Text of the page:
Since its inception, the New Maudsley Model has helped thousand of families. Amy Lewis talks to one of the founders, Gillian Todd, at her recent workshop in Dublin and she meets parents attending to find out how it has helped them cope with their loved ones’ eating disorders.
When families are dealing with a child who is suffering from an eating disorder, the symptoms begin to play a central role in family life and often the parents and siblings find themselves lost at sea, not knowing how to help – this is where the New Maudsley Model steps in.
The New Maudsley Model is a skills-based programme that aims to helps carers better understand and support their loved ones. It was established by Professor Janet Treasure and Todd (pictured) - former Consultant for Eating Disorders and Clinical Nurse Leader with the South London and Maudsley NHS Foundation Trust respectively – who developed it through extensive research coupled with professional experience. The workshop encourages carers to engage in their loved one’s recovery and helps to switch their focus from blame to more effective communication.
“A carer can often be critical and over-protective of their loved one. They may also feel that the illness is their own fault, which of course it isn’t,” said Todd, who has worked with eating disorder patients since 1984.
“Janet developed characters that describe how not to behave. The Ostrich – buries their head in the sand and feels completely hopeless. The Jellyfish – is emotional and upset. The Rhino – is a person who shouts, argues and fights. A Kangaroo carer – puts their baby in their pouch and won’t let them do anything.
“We encourage carers to be a more compromised version. Be a St Bernard: more calm, quiet, unflappable and dependable. We also use the image of a dolphin who nudges, guides and coaches their loved one along.”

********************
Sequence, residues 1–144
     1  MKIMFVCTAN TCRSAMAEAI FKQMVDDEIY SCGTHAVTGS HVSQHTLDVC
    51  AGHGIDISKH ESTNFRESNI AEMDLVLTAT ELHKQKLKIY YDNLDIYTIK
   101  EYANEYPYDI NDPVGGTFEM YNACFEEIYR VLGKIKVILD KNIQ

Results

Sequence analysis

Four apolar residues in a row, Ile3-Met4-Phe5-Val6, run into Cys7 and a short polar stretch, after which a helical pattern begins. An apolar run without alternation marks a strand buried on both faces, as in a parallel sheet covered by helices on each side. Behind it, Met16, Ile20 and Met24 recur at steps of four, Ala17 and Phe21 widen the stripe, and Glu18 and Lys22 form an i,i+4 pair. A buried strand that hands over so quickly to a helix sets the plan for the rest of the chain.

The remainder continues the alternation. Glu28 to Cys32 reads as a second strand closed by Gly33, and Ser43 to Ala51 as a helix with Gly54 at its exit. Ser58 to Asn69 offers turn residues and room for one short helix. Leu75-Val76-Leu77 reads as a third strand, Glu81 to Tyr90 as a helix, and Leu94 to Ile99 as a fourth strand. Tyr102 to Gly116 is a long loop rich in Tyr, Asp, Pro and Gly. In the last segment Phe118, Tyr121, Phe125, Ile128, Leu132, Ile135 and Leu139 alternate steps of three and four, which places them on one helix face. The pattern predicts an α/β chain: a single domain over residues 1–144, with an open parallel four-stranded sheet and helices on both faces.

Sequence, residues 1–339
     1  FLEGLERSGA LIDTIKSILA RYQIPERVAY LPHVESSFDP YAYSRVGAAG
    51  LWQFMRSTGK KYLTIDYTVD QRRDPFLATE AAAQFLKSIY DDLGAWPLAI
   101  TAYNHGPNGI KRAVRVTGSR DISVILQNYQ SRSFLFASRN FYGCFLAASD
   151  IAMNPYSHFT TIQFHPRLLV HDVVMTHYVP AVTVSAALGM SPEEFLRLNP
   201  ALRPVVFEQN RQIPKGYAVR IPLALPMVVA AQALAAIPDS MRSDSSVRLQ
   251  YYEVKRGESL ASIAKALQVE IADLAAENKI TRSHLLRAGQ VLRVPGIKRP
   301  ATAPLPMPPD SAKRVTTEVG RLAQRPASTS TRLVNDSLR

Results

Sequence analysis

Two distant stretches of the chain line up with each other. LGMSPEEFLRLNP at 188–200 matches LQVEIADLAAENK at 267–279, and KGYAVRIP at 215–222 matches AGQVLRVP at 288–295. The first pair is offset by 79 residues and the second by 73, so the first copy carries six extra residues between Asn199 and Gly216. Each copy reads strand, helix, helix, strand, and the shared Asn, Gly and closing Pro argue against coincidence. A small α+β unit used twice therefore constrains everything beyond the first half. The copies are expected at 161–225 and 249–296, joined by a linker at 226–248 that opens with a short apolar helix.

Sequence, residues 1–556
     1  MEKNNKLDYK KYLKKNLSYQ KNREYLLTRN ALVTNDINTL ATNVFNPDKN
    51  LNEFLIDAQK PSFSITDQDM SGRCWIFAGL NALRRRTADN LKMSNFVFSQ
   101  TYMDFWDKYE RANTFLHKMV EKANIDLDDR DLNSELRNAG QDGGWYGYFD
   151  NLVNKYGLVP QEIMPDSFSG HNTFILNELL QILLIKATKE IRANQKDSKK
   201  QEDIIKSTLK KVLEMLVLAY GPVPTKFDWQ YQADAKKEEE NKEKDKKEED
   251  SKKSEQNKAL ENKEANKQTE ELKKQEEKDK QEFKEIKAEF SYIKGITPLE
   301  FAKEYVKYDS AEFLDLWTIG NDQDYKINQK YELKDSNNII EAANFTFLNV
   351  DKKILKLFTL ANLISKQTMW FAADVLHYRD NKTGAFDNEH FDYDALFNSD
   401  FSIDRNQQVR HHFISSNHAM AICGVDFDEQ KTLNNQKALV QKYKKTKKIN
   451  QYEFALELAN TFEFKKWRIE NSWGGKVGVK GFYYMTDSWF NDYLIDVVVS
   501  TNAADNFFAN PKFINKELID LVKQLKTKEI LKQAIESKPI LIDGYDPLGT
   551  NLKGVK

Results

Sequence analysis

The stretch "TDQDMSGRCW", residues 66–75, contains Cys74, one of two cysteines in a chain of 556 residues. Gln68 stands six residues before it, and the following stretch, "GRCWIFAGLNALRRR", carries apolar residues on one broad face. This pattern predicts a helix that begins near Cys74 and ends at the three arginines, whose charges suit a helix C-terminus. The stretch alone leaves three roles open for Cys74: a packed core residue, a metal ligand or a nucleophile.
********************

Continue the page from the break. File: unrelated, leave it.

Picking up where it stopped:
Carers are also taught about the psychology behind eating disorders, as well as how to cope with scenarios that may arise at home. This is done through role-playing exercises and practicing OARS: Open questions, Affirmations, Reflective listening and Summarising. In addition, the workshops offer attendees the tools to deal with clinical settings.
A unique part of New Maudsley Model is that it’s aimed at carers of adults and children.
“In the past, carers of adults with eating disorders felt abandoned and excluded. This is one thing that’s out there that they can go to,” explained Todd.
Since they were established, the New Maudsley Model workshops have been facilitated worldwide by its founders or other trained professionals. Over 70 carers attended Todd’s recent two-day course in the Clayton Hotel in Leopardstown, Dublin, in the hope of going home better-equipped to help their loved ones. Parents, aunts, siblings, friends and partners travelled long distances for the course, with some seeking help for children as young as nine-years-old. Several psychologists from the HSE Child and Adolescent Mental Health Services (CAMHS) also attended, as did representatives of Bodywhys, who supported the workshop.
Peter travelled from Ballina with his wife to the workshop, having previously attended a one-day course. His daughter (29) has been suffering with an eating disorder since she was in transition year.
“We first became aware of her illness seven years ago when she was in university,” he explained. “She always ate in front of us so we never suspected it. She used to see a doctor in university who, after a number of years, persuaded her to tell us.”
On first learning of their daughter’s illness, Peter’s family felt extremely alone. They sought all help available but it wasn’t until attending their first New Maudsley Model workshop that they were offered some relief.
“For the first time, we felt that there were people out there like us,” said Peter. “When you have a child with an eating disorder, the focus is on them,” he continued. “I remember asking a social worker, ‘is there anything for us carers?’ You just want somebody to tell you it’s ok, not to lose hope and to try to have compassion.”
Along with offering them support, Peter said that the practical element of the workshop gave them the tools to communicate more effectively with their daughter.
Though she is still battling the illness, the workshop has encouraged them to remain hopeful for her future. He also credits it with giving them the ‘courage’ to recently take their first holiday in years.
While Todd led the latest workshop, several others have been held nationwide in recent months. These were facilitated by professionals who have been trained in the New Maudsley method by its founders.